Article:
From the first day of the war the armoured cars and tankettes of the 11th armoured unit were used intensively for reconnaissance and patrolling bringing information back to brigade headquarters of enemy movements. Before long their reconnaissance remit transmuted into delaying actions and securing the retreat of Polish units from enemy encirclements. In several cases they supported attacks on enemy positions as well.

On 1st September at the outbreak of the war, two armoured car troops were assigned to the outposts of the Mazowiecka Brygada on the defensive front line on the Prussian borderlands. At the opening of hostilities the 2nd troop was firing upon advancing German troops from ambush positions. In the evening they laid an ambush near Krzynowloga Mala village destroying all three armoured cars of a reconnaissance unit of the 12th Infantry Division. Two of the Ursus' were damaged with Warrant Officer Wojcieszak suffering a head injury although he continued to serve.

On 3rd September one car was lost in a  skirmish with a reconnaissance unit of SS 'Der Fuhrer' regiment of army group Kempf near Chojnow village (between Przasnysz and Grudusk) when a troop was sent to make contact with the nearby 8th Infantry Division. Later that day all of the armoured car squadron supported by the 11th Ulan (Lancer) regiment repelled attacks by the 3rd Battalion of SS 'Deutschland' motorised regiment in a forest near Przasnysz.

On 4th September  the 1st troop supported the 7th Ulan regiment in a skirmish in Szczuki (a village near Przasnysz). The Ursus' destroyed two PzKpfw I's that were part of a platoon attempting to flank the Polish positions. Around 3pm Lt. Nahorski destroyed a German staff car with his main gun, capturing maps and documents.

On 7th September Ursus cars supporting the attacks of the 7th Ulan regiment on the village of Dlugosiodlo (near Ostrow Mazowiecka) destroyed another two enemy armoured cars of Germany's 1st Cavalry Brigade losing one car in the process. The unit was retired to rest after this day.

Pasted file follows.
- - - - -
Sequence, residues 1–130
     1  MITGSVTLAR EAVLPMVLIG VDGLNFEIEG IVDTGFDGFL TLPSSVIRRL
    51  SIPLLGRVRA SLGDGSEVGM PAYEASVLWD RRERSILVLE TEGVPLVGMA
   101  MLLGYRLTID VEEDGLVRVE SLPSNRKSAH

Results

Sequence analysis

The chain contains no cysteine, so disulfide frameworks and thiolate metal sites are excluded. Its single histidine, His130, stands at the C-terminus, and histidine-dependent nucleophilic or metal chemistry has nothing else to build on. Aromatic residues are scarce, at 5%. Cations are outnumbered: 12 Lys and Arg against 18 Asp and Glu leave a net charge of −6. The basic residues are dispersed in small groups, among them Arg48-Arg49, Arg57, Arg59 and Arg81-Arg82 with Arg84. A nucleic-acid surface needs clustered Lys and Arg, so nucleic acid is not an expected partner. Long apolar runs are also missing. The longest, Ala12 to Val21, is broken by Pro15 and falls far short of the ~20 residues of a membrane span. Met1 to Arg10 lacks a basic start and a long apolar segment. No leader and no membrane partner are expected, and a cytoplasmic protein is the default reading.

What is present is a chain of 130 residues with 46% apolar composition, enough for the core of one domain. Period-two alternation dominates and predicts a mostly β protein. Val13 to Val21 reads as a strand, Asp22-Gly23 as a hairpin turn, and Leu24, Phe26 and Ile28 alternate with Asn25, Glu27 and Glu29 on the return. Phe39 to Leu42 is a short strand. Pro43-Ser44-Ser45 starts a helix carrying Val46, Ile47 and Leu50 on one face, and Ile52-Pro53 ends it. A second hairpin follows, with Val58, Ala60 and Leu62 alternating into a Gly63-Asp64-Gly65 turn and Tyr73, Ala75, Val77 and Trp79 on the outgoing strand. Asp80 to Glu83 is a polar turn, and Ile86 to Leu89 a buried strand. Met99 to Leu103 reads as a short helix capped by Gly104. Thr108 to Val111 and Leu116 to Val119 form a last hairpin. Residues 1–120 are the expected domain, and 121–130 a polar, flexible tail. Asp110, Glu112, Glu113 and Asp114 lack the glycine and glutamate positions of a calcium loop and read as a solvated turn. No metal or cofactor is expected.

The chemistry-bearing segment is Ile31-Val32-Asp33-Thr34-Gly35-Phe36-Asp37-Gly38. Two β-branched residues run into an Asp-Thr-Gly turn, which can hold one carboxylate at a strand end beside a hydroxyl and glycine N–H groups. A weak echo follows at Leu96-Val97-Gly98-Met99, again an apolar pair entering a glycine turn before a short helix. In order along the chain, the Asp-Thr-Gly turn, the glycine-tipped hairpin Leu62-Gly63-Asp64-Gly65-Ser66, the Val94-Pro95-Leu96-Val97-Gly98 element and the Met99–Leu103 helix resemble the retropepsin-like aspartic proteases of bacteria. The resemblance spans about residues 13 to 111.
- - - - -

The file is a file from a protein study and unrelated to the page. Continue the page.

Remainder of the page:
On 12th September the unit was moving out to rejoin its brigade when it absorbed two wz.34's of 61st Armoured Unit which had become separated from their parent unit. Just after 09:00 behind the small town of Seroczyn (South East of Warsaw) the 1st Armoured Car Troop, moving in the vanguard encountered the vanguard of Kampfgruppe Steiner, detached from Division Kempf. The German unit consisted of a motorcycle company with an armoured car troop, 4 AT guns and 4 Infantry guns. In a short skirmish two of the enemys armoured cars were destroyed, for the loss of one Ursus which was hit by a German AT gun. The Poles withdrew to the town. The Germans deployed to attack soon after. They fought through the town pushing the Poles out across the Swider river.

In the second stage of this battle Major Majewski formed an ad hoc group comprising all his remaining cars, all of the rogue troops gathered from the surrounding woodland, an artillery battery that was found without its horses and the newly arrived tankettes of the 62nd independent reconnaissance tank company.

The Poles launched their attack across the river. The armoured cars made a rush for the bridge but the first car across was hit by AT gun fire whilst the tankettes on the right wing became bogged down in a  boggy meadow. As the Polish attack stalled the Germans counter attacked with the main forces of the Kampfgruppe supported  by the tanks of the 6th company of the 7th regiment, supported by ample artillery forced the weaker Polish forces to withdraw Garwolin around 13:00 hours.

The Polish lost two Ursus', one (or two) wz34's and a clutch of tankettes in the engagement but caused enough German casualties to enforce a halt, slowing their advance to the Vistula which ironically allowed Anders cavalry to slip through a hole in the net.

That evening the 11th again made contact with the enemy this time with the reconnaissance element of the German 1st Infantry Division ejecting them from a crossroads near the village of Gonczyce but losing the commanders car in the process. 

At last the weakened armoured unit joined Army Lublin teaming up with the Warsaw Armoured Motorised Brigade. Unfortunately the last of the Ursus' had to be destroyed on 16th September as they retreated through the sandy terrain south of Zamosc. The after action reports show that the cars were sinking into the sandy soil past their axles making their continued mobility ineffective. It was decided to save their fuel for the vehicles of the Warsaw Armoured Motorised Brigade for their armoured showdown at Tomaszow Lubleski on 18th September.

A sad end for these warhorses!